The Joplin Globe
Debate over the Keystone pipeline is heating up again. President Barack Obama is expected to decide this summer whether to approve the pipeline, which would carry 800,000 barrels of oil a day from Canada across six U.S. states to the Gulf Coast.
Back-and-forth debate continues about how many jobs will be created, what the environmental impact will be and what it will mean for economically depressed Midwest communities, but none of it is very helpful.
While these issues are important, they are only of secondary significance.
Of primary importance is our national interest, and it is in the short-term and long-term interest of this nation — militarily, economically and environmentally — to free us from the grip of unreliable, unstable and even hostile nations that we now depend on for oil.
We recognize, given the recent oil spill in Arkansas as well as the massive spill on the Gasconade River in Missouri two decades ago, that there will be risks.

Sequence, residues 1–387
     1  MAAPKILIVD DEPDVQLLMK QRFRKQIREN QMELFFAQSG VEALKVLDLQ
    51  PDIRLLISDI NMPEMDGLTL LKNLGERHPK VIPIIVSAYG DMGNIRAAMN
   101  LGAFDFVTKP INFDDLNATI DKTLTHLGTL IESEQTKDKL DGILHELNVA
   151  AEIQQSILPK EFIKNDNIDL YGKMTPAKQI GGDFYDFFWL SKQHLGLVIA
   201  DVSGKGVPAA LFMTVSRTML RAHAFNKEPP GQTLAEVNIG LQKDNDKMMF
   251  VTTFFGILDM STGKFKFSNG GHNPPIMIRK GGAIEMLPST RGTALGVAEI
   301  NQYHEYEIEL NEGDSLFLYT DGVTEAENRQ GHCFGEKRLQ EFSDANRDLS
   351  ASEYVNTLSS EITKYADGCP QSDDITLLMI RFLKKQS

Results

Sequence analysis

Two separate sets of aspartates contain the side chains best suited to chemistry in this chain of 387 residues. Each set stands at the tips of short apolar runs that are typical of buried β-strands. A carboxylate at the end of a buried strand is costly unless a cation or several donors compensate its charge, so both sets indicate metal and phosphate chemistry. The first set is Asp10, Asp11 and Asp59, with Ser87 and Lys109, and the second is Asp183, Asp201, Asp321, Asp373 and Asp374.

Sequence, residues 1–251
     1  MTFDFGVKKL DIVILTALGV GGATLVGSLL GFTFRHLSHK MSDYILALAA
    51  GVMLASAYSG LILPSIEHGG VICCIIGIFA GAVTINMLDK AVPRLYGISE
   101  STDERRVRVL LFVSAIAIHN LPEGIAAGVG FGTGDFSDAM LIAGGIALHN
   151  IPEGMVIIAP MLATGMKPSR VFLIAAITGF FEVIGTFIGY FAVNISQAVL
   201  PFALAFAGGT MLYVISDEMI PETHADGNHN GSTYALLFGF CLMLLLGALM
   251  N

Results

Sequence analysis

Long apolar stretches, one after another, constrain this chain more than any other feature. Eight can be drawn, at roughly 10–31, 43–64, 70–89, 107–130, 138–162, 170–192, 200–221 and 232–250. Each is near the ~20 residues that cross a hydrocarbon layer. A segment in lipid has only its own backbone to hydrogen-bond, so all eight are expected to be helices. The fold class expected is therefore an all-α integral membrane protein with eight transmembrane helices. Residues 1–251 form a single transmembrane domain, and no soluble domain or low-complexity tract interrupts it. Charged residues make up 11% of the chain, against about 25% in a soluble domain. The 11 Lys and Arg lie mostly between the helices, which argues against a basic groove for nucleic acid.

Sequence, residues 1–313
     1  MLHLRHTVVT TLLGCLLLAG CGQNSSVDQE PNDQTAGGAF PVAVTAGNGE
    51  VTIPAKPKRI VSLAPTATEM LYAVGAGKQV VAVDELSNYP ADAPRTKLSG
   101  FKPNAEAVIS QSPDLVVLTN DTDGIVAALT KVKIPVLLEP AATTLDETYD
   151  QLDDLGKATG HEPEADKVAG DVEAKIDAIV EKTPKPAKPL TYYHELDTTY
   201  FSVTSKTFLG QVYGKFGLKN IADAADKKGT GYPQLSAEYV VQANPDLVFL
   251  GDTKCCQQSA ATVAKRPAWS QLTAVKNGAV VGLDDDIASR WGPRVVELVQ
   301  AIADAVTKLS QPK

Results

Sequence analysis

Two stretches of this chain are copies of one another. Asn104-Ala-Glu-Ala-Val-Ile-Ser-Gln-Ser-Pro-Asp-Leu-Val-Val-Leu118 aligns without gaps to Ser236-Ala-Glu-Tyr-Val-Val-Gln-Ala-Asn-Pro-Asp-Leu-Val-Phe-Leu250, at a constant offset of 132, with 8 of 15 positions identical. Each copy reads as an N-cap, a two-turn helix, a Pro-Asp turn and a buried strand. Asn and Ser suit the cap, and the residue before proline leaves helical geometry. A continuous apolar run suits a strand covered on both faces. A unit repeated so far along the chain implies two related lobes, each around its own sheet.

However, we believe those risks are small and can be more easily controlled than the risks we run by our deepening dependence on Venezuelan, African or Mideast oil.
Former U.S. Sen. Richard Lugar has pointed out that since the Keystone project was originally proposed, there has been no shortage of crises that ought to serve as red flags, including: “Iranian threats against oil shipments and the U.S. Navy; war in Libya; hostilities in Iraq; Venezuelan antagonism; violence in Nigeria; political unrest in Russia; strained relations with Saudi Arabia; failing rule of law in Ecuador; and the ongoing threat of terrorism against energy infrastructure in multiple regions.”
Energy independence is the trump card that must be played in the Keystone debate.